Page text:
What Changing Regulations and Consumer Preferences Mean for Global Sun Care Brands
Interview with Kristie Ford
Director, Sun Care Solutions, Hallstar
Daily sunscreen use is a growing imperative for many beauty consumers who recognize the damaging effects of sun exposure without the use of effective UV filters. We are reading more than ever about sun care safety in the news, but the focus has broadened to include the safety of the filters themselves – for users as well as for the environment. What does that mean for brands?
Sun care brands are looking for solutions to meeting performance requirements in the face of increasing regulation. With the recent banning of traditional UV filters like oxybenzone, oxycrylene and octinoxate from sunscreen formulation, developers have more limited ingredient options, especially if they want to create high SPF products with pleasant sensoriality at a reasonable price. And as sun care is often considered daily wear now, many users are looking for product multifunctionality as a way to simplify their skin care regimen.
Consumers are gravitating towards healthier lifestyles, and they’ve become more mindful of the products that they’re using, including their sun care products. They are questioning ingredients, looking for formulations that they can feel good about using.
In light of this, consumers may seek out ‘natural’ indicators in terms of label claims or ingredient lists to determine if those products satisfy their own standards. But the definition of ‘natural’ sun care can vary broadly – to some, it means helping preserve planetary biodiversity; for others, it might be about ingredients that are safe for sensitive skin.
To meet the demand and comply with regulations, many sun care formulators and brands are turning towards the use of mineral UV filters such as zinc oxide or titanium dioxide because they’re perceived as safer on both consumer and environmental health.
What is your opinion? Are mineral sunscreens really safer than organic sunscreens?
Hallstar pioneered photostability science – the measurement of a sunscreen formulation’s skin absorption before and after irradiation. When assessing safety and effectiveness, it’s important to look closely at the stability of organic vs inorganic (mineral) filters.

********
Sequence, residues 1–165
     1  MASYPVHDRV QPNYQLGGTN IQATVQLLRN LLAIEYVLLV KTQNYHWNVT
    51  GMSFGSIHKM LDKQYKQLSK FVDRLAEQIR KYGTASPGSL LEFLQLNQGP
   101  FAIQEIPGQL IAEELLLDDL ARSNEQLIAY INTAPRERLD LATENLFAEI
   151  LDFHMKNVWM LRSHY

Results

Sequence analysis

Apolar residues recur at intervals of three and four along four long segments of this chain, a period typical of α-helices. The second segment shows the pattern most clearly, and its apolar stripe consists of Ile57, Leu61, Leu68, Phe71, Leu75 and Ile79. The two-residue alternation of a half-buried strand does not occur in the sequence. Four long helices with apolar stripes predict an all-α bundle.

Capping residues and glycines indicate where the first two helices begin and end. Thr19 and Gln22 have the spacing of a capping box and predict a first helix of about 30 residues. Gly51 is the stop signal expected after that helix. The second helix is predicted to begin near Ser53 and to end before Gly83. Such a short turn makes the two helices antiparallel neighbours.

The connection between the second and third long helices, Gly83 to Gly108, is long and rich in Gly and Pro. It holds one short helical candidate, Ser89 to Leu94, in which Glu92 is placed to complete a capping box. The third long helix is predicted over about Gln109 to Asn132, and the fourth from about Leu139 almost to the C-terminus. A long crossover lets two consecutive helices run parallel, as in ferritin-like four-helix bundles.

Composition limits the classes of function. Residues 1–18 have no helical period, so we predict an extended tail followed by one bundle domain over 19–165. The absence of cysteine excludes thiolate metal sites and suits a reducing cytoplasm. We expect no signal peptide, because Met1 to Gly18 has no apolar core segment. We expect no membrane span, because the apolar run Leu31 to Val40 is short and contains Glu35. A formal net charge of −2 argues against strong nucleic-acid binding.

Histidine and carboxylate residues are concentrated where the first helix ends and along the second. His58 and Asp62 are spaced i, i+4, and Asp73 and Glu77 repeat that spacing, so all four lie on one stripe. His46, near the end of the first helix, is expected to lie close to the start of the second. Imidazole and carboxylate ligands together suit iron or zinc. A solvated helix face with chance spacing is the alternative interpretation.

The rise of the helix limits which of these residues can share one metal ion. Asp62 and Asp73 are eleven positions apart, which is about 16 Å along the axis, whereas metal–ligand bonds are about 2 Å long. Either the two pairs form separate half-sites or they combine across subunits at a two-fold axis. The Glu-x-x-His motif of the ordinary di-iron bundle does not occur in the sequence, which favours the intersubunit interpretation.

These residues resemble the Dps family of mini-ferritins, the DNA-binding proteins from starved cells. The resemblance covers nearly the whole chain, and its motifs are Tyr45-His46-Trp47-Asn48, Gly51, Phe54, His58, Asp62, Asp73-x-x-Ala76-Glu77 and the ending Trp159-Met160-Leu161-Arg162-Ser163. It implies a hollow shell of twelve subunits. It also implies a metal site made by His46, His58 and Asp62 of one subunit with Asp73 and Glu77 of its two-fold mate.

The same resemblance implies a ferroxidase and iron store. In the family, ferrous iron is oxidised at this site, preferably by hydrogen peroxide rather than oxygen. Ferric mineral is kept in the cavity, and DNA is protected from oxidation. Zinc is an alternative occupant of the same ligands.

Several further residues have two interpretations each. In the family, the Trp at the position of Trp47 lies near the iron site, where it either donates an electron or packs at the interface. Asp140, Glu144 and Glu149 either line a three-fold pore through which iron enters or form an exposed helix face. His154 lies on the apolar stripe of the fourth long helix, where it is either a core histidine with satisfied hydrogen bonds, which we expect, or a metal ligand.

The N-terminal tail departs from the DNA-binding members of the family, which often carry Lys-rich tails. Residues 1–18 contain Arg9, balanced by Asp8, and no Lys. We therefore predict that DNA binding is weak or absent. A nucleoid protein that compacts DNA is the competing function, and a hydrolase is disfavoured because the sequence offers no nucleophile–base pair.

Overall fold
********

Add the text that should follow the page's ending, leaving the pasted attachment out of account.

Organic UV filters are a group of carbon-containing compounds designed to absorb UV radiation. To maintain effectiveness over time, they should not alter chemically after repeated UV irradiation. However, many common organic UV filters, when they absorb UV radiation and enter their excited states rich in energy, are often unable to quickly release the excited state energy to return to their ground state where they are stable and ready to absorb additional UV energy. These unstable UV filters will thus photodegrade over time in the sun, losing their absorption capability and generating photoproducts that have not been studied for their safety on human skin.
An example of such a UV filter is avobenzone (INCI: Butyl Methoxydibenzoylmethane). While a very common and globally-approved UVA filter, it is notoriously unstable under UV radiation. Hallstar was one of the first companies to discover the photodegradation of avobenzone and dedicated many years of research to developing a range of solutions to stabilize it. The result was cutting-edge photostabilization products such as SolaStay® S1, SolaFresh™, Polycrylene®, and the China-compliant photostabilizer AvoBrite®.
Inorganic UV filters, on the other hand, are a group of mineral oxides such as titanium dioxide (TiO2) and zinc oxide (ZnO). They are often referred to as physical filters, as compared to chemical filters which are organic compounds. There is a common misconception that inorganic filters only reflect, scatter and refract sunlight so they are safer to our skin than organic filters. In fact, both titanium dioxide (TiO2) and zinc oxide (ZnO) are semiconducting materials capable of absorbing UV energy, which contributes most of their UV shielding ability. After absorbing UV energy, these mineral particles are promoted to their conducting band and become photoactive.
When photoactivated by UV light, TiO2 and ZnO generate highly oxidizing radicals such as -OH, and other reactive oxygen species (ROS) such as H2O2 and singlet oxygen, 1O2, which are known to be cytotoxic and/or genotoxic. Therefore, inorganic sunscreens commonly used in today’s market convey a false sense of security to the consumers.